Legendary illustrator Edward Gorey created a delightfully ominous world full of creepy curiosities out of pen and ink, inspiring and entertaining generations of fans. Celebrating and honoring his work, the 14th Annual Edwardian Ball & World’s Faire offers revelers the chance to travel back in time. Partygoers dress in fantastic Edwardian period fashion, gothic attire, and steam punk costumes that look like they could have stepped from the pages of Gorey’s books. Expect a wide variety of live entertainment, including music, dancing, games, circus performances, and even a stage show re-creation of one of his stories at this truly one-of-a-kind event. (Sean McCourt)

8pm, $40-$95

The Regency Ballroom

1300 Van Ness, SF



An Evening with Big Tree, Idea the Artist, and The Parmesans

They may hail from Brooklyn, but Big Tree members have taken root in the Bay Area if the latest single off of their EP My, How You’ve Grown is anything to go by. With the song recorded at Tiny Telephone and the music video shot and edited by local media group Three Thirds Visual, “Like a Fool” is the product of an inspiring setting, as well as the inspiring emotion of frustration. The band is releasing the track for the low price of free, and what better way to say thank you than to join them for a night of some of the best indie music the Bay Area has to offer? With Idea the Artist’s tremulous, heartfelt melodies, and The Parmesans’ harmonious, bluesy folk on strings, listeners are in for an evening of moving tunes. (Kirstie Haruta)

8pm, $7-10

Brick & Mortar Music Hall

1710 Mission, SF





“In the Name of Love”

Music played a key role in Dr. Martin Luther King Jr.’s teachings, and today, amid his legacy of nonviolent protest and charismatic speechmaking, songs like “We Shall Overcome” remain an important part of his civil rights message. Appropriately, much joyful noise will ensue at Living Jazz’s 12th annual tribute to the humanitarian. Talents on tonight’s bill: “rebel soul” singer-songwriter Martin Luther McCoy; the acclaimed Marcus Shelby Jazz Orchestra with guest vocalist Faye Carol; the 55-member Oakland Interfaith Gospel Choir; the 300-member Oakland Children’s Community Choir; and the Oaktown Jazz Workshops. (Eddy)

7pm, $8-$23

Oakland Scottish Rite Center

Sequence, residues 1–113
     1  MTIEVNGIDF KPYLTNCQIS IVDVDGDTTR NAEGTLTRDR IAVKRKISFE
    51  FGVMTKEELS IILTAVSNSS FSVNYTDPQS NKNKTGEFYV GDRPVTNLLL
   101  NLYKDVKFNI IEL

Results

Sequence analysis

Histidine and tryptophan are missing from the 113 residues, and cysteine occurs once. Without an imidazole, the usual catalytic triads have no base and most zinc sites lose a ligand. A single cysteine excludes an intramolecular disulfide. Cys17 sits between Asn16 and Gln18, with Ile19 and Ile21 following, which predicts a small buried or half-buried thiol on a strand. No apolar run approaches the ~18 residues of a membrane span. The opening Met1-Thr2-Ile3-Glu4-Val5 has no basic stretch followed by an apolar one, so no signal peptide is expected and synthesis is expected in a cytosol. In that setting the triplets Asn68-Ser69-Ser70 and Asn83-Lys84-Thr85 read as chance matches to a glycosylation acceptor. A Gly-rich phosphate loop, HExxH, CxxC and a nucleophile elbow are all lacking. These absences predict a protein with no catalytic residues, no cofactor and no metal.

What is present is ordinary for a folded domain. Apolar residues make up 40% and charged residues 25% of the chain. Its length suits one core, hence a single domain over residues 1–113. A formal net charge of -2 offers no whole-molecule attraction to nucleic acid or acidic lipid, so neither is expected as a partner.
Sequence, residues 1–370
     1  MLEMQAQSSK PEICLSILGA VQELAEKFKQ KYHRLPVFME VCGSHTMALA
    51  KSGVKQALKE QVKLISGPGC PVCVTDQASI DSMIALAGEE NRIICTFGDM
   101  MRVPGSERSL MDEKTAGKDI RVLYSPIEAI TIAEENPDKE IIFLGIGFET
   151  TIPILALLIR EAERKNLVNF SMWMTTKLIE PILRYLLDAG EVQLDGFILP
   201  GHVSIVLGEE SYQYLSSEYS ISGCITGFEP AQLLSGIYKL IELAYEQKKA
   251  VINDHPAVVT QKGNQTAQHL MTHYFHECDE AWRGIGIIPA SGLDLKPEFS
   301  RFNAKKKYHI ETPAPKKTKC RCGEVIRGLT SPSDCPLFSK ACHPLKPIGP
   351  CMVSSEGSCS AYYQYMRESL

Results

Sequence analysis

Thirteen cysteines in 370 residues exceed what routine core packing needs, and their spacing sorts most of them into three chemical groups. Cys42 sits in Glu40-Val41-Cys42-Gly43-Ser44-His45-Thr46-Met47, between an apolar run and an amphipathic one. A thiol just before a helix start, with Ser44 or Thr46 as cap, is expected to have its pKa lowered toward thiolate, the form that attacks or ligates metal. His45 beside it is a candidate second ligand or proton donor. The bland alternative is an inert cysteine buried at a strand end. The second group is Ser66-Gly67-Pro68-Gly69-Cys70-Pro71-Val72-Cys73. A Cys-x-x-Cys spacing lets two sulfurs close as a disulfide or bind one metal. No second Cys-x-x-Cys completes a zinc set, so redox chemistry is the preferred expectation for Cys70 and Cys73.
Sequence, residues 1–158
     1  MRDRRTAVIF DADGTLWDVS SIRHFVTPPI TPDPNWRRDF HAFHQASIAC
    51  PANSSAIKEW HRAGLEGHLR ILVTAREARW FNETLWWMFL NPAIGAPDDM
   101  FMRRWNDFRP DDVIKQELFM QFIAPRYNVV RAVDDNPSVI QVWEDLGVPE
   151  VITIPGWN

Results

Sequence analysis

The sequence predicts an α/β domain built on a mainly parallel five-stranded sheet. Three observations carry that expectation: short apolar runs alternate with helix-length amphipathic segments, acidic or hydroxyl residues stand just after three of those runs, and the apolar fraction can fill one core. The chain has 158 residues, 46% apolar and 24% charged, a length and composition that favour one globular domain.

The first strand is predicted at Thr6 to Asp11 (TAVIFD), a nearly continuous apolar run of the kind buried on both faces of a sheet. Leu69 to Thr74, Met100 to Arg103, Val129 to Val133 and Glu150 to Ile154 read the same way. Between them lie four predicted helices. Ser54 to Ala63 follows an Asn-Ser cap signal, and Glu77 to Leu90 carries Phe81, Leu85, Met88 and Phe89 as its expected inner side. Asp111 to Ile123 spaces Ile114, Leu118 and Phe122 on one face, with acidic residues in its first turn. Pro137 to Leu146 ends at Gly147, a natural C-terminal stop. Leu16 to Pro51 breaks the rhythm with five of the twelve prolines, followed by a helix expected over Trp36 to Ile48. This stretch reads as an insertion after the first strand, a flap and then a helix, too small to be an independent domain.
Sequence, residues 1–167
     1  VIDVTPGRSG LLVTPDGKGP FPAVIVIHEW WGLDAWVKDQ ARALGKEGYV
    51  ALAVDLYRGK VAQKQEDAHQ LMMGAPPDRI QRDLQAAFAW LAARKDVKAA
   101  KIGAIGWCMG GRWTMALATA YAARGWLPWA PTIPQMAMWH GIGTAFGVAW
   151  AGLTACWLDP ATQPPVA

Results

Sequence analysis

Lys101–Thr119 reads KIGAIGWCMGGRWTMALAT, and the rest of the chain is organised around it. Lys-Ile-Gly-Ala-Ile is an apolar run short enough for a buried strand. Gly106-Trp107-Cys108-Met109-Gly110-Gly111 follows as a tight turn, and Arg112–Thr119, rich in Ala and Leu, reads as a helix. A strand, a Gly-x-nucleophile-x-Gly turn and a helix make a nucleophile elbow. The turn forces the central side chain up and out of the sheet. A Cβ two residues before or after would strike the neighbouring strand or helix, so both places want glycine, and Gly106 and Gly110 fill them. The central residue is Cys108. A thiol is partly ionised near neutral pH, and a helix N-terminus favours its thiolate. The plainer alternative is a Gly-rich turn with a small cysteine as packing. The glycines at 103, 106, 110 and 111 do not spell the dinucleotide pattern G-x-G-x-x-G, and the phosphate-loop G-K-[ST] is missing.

1547 Lakeside, Oakl.



Queer/Trans* Night

Celebrate being queer in the New Year with Gilman’s first Queer/Trans* Night of 2014, when MC Per Sia hosts a night of hard-hitting punk from some of the coolest queers in Bay Area music. The show features masked trio Moira Scar, San Cha, DADDIE$ PLA$TIC, Oakland punks Didisdead, post-punk duo Bestfriend Grrlfriend, and Alice Cunt all the way from LA. Show goers can also look forward to DJ Johnny Rose and a video booth by Lovewarz. This is a safe and sober show, so leave the booze and drugs at home, as well as any racism, misogyny, transphobia, or homophobia. (Kirstie Haruta)

5pm, $5 + $2 membership

924 Gilman St.

924 Gilman, Berkeley






Winter Fancy Food Show

Three Twins sea salt caramel ice cream. Fava Life hummus. Bacon Hot Sauce. Camembert from Caseificio Dell’Alta Langa. Moon Dance biscotti. Amella caramels. Drooling yet? We’ve only just begun — these food items represent just a handful of the 13,000 producers coming from all over the globe to display their edible wares at the 39th annual Winter Fancy Food Show. This year, 360 food artisans represent California, showing off everything from luscious micro-greens to rainbow-colored, homemade kombucha. Whether you’re a home cook or a Michelin-starred-restaurant buyer, this market is great for stocking up on strange, rare, and quality food items, discovering in-state artisans, and creating new ideas for your next cooking adventure. (Kaylen Baker)

10am-5pm Sun-Mon, 10am-4pm Tues, free entrance

Moscone Center 747 Howard, SF Bringing the Noise for Dr. Martin Luther King Jr. If you want to feel the power of King’s legacy on MLK Day, look no further than the fierce spoken word from literary organization Youth Speaks. These teens spin rhymes that will make you bristle at the sorry state of the world and might even inspire you to start a protest. They’ll also have you wanting to smack your younger self around for playing video games instead of forging word spears sharp enough to pierce the stoniest of hearts. See the future of activism for yourself at this annual celebration. (Rebecca Huval) 7-9pm, $5 youth/$10 adults Nourse Theater 275 Hayes, SF TUESDAY 1/21 Armistead Maupin “Mary Ann Singleton was twenty-five years old when she saw San Francisco for the first time.” So begins the famed Tales of the City series by Armistead Maupin, originally a serialized fiction project for The San Francisco Chronicle, depicting the impressions and day-to-day discoveries of a fresh young newcomer to San Francisco in the ’70s. Amassing fans through its humor, quick chapters (the perfect Muni bus-stop read), and on-point depictions of diverse, vibrant characters in three decades and eight novels, Maupin has finally drawn the story to a close, in the recently published The Days of Anna Madrigal. Find out how 92-year-old transgender landlady Anna Madrigal has been keeping busy by coming down to Book Passage, and get a copy signed by Maupin himself. (Kaylen Baker) 12:30pm, free Book Passage 1 Ferry Building, SF